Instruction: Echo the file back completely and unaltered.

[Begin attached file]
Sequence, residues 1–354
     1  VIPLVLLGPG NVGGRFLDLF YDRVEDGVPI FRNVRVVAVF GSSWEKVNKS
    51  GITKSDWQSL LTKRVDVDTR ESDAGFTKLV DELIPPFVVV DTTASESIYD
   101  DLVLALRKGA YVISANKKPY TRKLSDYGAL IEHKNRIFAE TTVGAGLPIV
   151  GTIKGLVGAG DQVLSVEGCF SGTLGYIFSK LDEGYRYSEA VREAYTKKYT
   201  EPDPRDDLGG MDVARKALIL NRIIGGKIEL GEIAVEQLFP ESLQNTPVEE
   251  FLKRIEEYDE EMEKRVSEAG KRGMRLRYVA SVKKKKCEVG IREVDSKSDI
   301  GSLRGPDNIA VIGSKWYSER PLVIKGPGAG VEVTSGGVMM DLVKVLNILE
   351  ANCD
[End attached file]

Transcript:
Sequence, residues 1–354
     1  VIPLVLLGPG NVGGRFLDLF YDRVEDGVPI FRNVRVVAVF GSSWEKVNKS
    51  GITKSDWQSL LTKRVDVDTR ESDAGFTKLV DELIPPFVVV DTTASESIYD
   101  DLVLALRKGA YVISANKKPY TRKLSDYGAL IEHKNRIFAE TTVGAGLPIV
   151  GTIKGLVGAG DQVLSVEGCF SGTLGYIFSK LDEGYRYSEA VREAYTKKYT
   201  EPDPRDDLGG MDVARKALIL NRIIGGKIEL GEIAVEQLFP ESLQNTPVEE
   251  FLKRIEEYDE EMEKRVSEAG KRGMRLRYVA SVKKKKCEVG IREVDSKSDI
   301  GSLRGPDNIA VIGSKWYSER PLVIKGPGAG VEVTSGGVMM DLVKVLNILE
   351  ANCD